Food serves many roles. At a minimum, it’s sustenance, but it can also nourish, nurture, heal—and sometimes it can revive. I went in search of all of these things when my husband Brian and I stepped into the Silver Dollar (1761 Frankfort Ave.) on a nippy Sunday morning for brunch.
I was feeling a bit over-served after some Halloween festivities the night before, and in search of food that could re-ignite me for the day. I needed a meal that was hearty, carb-heavy and maybe just a little greasy. And just because I wasn’t in tip-top shape didn’t mean I loosened my standards—the food should taste really good.
This was my first time to the honky-tonk restaurant housed inside an old fire station on Frankfort Avenue, so I took my time looking around from my cozy little nook under the stairs. The Silver Dollar is themed around the Bakersfield Sound era—think hardscrabble times set to a soundtrack of old-time country music, with a south-of-the border menu flair.
Themed restaurants can easily turn out hokey and awkward, but the cheerful colored lights, retro coffee mugs (exactly like some my grandma had) and vintage Merle Haggard made for a lively—but not over the top—atmosphere. The Dustbowl migration launched the Bakersfield sound, and having lived in Oklahoma as a kid, with my roots in a bluegrass-playing family, I felt right at home.
I would’ve liked to have raided the buffet table set up for a private party, as I eyed every plate that passed in my line of sight with longing. Waffles, scrambled eggs, bacon, sopes—they all sparked a hankering.
The toughest call to make at brunch is sweet or savory. In the end I decided to go for both, with a fried green tomato and bacon sandwich dubbed the Texas Toast Stack ($9) and a half waffle. The half waffle is not strictly a menu option, but pleading with the waiter for a taste of a waffle will net you two triangles, with accompanying warm fruit compote. At $4.50, it’s half the price of the full dish. Brian chose the enfrijoladas ($12), a smoked chicken and black bean plate.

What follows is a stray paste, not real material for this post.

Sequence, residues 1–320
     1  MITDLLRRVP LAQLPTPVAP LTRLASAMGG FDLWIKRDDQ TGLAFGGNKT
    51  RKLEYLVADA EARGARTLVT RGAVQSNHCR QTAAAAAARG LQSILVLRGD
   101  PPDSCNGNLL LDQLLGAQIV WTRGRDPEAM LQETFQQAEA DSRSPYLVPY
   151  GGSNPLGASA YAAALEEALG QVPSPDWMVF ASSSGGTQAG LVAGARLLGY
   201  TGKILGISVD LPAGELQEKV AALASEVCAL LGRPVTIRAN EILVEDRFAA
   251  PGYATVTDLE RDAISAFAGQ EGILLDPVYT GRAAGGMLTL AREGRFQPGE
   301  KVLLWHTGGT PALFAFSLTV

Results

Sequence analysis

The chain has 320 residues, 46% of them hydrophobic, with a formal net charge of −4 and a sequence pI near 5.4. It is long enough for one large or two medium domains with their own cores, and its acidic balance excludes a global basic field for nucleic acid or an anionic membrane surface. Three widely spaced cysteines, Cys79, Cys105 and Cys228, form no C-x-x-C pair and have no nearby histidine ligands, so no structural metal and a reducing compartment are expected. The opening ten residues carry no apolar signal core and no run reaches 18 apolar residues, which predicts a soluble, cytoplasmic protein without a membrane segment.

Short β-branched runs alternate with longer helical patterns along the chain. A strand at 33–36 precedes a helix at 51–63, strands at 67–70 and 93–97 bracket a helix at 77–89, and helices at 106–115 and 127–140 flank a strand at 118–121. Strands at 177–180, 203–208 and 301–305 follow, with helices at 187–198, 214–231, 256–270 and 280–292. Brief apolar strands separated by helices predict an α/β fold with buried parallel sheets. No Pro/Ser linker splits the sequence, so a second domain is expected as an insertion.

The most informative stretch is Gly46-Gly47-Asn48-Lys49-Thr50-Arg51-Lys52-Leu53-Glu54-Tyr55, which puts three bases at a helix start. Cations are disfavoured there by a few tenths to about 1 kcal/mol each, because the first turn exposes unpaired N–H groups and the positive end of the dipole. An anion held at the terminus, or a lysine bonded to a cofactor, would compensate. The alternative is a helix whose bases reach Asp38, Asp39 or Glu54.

I sipped a zippy, house-made ginger beer ($2) while we waited—it was too early for one of the creative cocktails. The fresh-squeezed orange juice ($3) Brian chose was a sweet, pulpy wake-up call to go along with his coffee ($2).
I was a bit embarrassed when my food arrived because the two plates barely fit in front of me. It was too late to ask for my waffle to come after my sandwich, as it would have made a fine dessert. Then again, if I’d known about the homemade desserts on offer, I might’ve gone for one of them instead.
My sandwich was just what the doctor ordered—two thick, toasted slices of bread that satisfied my visceral need for carbs and melted cheese, and tall enough that I had to squinch it together. The crispy bacon and the fried green tomato were topped with a fried egg sliding off the side, sweet caramelized onions and a slick of basil mayo. It was marvelously messy and so good I didn’t want to share. But that would’ve been rude, since Brian let me try some of his enfrijoladas. He praised the smoky, succulent chicken smothered in earthy black beans, with a generous topping of queso fresco and sour cream, all served atop corn tortillas.
I didn’t put my sandwich down once, pausing only a couple of times to try the side of sweet potato fries, which, sadly were a disappointment. They’re difficult to master—I certainly haven’t done it. These were overcooked yet still limp, the worst possible combination. But I had plenty to eat, so I didn’t fret about the fries.
Once I polished off my sandwich, I turned to the waffle. It wasn’t warm, so the butter didn’t melt nicely, but no matter. I dredged it through the crimson fruit compote and dipped it in maple syrup for a happy mash-up of crunch and sweet. I could’ve easily had the whole waffle—light and airy, it wasn’t especially filling—but eating only a half allowed me to preserve some dignity. It was perfectly cooked, and filled the craving born the previous night of one too many bourbons and reminiscing about late-night trips to the Waffle House.
My brunch served its purpose: I was ready now, at noon, to face the day. The food was well worth the $37 tab, and (calorie bomb though it was) I enjoyed it so thoroughly that it was worth the calories, too.
The Silver Dollar. It’s worth the trip.